ATLANTIC CITY — In matching T-shirts, Justus Taylor and her mother, Natasha, wheeled luggage along Atlantic Avenue, up a wooden ramp and into the residential complex at Stockton University last week.
“She’s following her mom’s footsteps,” said Natasha Taylor, of Atlantic City, a 1991 Stockton graduate.
Not only would they have the same alma mater, but the elder Taylor was an Educational Opportunity Fund student. Now, her daughter would also participate in the program.
The EOF provides financial assistance and support services, including counseling, tutoring and developmental course work, to students from educationally and economically disadvantaged backgrounds who attend institutions of higher education in New Jersey. Each year, about 13,000 New Jersey students participate in the program. Last year, the EOF celebrated its 50th year.
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The younger Taylor, a 2019 Atlantic City High School graduate, is part of the first group of EOF students to live at Stockton’s city campus, which opened in fall 2018.
This year’s program in Atlantic City specifically targeted local students like Taylor, as well as her former Atlantic City High School classmates, Christian Cabrera and Hassam Kaleem, who also moved in June 29.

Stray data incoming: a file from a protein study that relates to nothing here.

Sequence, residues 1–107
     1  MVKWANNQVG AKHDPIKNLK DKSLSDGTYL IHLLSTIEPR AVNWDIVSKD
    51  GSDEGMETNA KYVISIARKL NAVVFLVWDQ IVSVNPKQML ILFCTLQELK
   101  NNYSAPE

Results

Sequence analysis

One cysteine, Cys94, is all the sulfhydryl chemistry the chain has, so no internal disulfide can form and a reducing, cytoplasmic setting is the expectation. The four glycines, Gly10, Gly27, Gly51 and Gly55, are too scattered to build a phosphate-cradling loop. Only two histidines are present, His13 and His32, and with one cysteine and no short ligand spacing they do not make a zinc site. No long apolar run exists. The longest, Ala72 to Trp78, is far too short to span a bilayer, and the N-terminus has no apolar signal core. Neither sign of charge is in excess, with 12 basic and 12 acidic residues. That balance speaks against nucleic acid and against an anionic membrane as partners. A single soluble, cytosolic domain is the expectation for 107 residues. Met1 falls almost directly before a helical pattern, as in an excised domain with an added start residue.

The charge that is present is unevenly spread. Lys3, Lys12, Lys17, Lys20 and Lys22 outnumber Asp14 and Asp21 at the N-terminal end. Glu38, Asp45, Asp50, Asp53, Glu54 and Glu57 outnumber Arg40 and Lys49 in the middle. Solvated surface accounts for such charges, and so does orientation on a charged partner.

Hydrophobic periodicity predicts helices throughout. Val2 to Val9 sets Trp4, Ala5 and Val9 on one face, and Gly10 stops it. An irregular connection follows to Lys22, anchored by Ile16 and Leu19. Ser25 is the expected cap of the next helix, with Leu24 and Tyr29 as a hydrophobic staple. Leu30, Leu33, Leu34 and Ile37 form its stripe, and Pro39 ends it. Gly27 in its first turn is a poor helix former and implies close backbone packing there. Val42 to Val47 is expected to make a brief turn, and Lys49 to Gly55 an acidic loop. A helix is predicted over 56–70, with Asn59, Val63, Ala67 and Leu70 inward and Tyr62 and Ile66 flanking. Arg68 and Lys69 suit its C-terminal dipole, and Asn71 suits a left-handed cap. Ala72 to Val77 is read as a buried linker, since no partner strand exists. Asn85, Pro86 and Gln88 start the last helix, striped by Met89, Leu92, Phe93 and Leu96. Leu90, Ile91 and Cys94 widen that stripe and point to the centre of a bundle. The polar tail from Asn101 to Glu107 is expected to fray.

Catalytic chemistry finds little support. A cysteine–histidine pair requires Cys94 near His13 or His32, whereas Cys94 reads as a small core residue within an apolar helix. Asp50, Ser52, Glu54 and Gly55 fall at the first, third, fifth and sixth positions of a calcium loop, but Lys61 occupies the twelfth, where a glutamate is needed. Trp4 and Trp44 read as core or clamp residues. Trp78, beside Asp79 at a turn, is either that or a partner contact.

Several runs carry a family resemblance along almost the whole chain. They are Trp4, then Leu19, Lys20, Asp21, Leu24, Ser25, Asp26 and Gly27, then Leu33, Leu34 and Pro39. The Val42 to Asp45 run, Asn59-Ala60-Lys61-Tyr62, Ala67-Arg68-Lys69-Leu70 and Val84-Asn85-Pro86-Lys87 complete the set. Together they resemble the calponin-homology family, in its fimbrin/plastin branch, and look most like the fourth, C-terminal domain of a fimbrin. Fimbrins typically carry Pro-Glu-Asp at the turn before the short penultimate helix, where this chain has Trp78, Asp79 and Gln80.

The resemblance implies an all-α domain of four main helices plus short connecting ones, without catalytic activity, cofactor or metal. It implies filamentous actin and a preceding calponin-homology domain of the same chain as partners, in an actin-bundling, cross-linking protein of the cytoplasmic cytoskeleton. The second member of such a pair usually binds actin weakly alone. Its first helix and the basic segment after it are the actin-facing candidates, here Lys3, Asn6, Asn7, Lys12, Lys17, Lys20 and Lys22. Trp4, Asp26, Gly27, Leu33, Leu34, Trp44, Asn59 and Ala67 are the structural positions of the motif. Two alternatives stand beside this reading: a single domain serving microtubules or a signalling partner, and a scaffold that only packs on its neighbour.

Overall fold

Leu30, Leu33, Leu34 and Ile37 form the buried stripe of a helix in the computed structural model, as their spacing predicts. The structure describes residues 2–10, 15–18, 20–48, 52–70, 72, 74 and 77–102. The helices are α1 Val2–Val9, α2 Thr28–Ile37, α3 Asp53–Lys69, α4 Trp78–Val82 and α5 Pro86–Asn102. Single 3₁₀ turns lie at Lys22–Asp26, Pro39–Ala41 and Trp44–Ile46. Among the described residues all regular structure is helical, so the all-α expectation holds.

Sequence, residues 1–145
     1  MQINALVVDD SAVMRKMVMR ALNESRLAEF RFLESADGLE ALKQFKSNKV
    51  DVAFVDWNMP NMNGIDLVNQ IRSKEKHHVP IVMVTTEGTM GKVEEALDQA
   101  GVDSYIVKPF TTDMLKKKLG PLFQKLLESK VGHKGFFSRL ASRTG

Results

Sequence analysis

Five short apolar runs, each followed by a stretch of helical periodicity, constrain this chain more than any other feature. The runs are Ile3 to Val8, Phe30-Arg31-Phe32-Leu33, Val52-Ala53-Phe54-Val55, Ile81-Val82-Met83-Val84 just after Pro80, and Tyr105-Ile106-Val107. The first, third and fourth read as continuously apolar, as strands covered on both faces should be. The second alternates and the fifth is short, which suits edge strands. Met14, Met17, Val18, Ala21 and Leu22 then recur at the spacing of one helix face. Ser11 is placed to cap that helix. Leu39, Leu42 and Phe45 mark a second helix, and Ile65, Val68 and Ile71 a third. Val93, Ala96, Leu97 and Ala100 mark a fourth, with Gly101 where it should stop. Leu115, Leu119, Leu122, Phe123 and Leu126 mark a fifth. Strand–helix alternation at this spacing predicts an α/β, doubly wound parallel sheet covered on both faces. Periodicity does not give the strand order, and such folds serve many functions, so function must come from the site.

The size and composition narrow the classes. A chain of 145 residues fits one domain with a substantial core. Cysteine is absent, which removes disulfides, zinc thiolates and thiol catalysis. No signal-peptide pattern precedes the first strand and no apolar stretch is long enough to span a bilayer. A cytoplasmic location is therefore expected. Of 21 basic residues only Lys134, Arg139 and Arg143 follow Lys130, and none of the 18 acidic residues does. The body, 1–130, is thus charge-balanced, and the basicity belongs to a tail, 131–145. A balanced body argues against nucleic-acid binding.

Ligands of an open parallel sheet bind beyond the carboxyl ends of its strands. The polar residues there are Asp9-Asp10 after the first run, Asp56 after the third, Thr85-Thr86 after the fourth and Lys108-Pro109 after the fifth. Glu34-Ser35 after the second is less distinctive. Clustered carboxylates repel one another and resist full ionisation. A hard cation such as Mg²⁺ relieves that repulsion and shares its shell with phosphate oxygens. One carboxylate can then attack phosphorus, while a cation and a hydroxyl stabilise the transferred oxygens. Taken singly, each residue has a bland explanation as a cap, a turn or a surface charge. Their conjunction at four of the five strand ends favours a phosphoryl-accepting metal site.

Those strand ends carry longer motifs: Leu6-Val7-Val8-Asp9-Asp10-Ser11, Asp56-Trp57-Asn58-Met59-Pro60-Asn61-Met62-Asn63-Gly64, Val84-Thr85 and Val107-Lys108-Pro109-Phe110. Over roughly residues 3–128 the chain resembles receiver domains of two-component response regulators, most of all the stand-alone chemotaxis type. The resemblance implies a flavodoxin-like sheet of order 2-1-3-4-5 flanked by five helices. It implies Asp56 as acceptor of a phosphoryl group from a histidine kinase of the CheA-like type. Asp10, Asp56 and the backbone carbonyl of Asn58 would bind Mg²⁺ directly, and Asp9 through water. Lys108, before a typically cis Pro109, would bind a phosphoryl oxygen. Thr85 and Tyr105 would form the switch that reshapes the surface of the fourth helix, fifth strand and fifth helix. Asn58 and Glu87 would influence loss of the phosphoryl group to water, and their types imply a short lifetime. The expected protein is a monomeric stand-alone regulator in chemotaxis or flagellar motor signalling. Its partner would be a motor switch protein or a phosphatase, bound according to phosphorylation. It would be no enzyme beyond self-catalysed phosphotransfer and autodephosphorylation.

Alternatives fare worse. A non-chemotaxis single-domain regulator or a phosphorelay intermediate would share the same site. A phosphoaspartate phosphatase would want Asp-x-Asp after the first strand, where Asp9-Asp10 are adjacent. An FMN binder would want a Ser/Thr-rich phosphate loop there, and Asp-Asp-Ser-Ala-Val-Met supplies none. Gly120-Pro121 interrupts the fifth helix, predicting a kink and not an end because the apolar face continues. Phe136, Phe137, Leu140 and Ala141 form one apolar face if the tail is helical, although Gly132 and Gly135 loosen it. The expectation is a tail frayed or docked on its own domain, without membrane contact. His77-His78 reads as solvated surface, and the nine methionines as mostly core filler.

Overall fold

In total, 50 students will participate in the one-month summer academy program in Atlantic City.
In addition to Atlantic City, Stockton’s EOF program has about 350 students enrolled at the main Galloway campus.
Stockton alumnus and EOF staff member Abdullah Bukhari, 23, of Ventnor, said the academy gives the students a head start on college.
They move into the dorms and spend a month getting to know the campus, making friends and receiving educational support to prepare them for their first semester and their future careers.
This year, the students also get a chance to live beachside in Stockton’s Boardwalk-facing dormitory.
“It’s fantastic. You never get to see this pretty much anywhere else,” said Bukhari, a 2014 Atlantic City High School graduate.
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For the Atlantic City students, Bukhari said it’s beneficial to have their families nearby for support. For those who are traveling from farther away, the EOF students and staff become family, he said.
Kathleen Villatta, 17, of Newark, was setting up her dorm room with her parents last Saturday morning.
“It’s fun. I’m excited,” said Villatta as she unpacked a pink backpack. “I really wanted Atlantic City, and I’m really thankful I got it. I’m just looking forward to the experience as a whole and starting a new chapter in my life in a different setting.”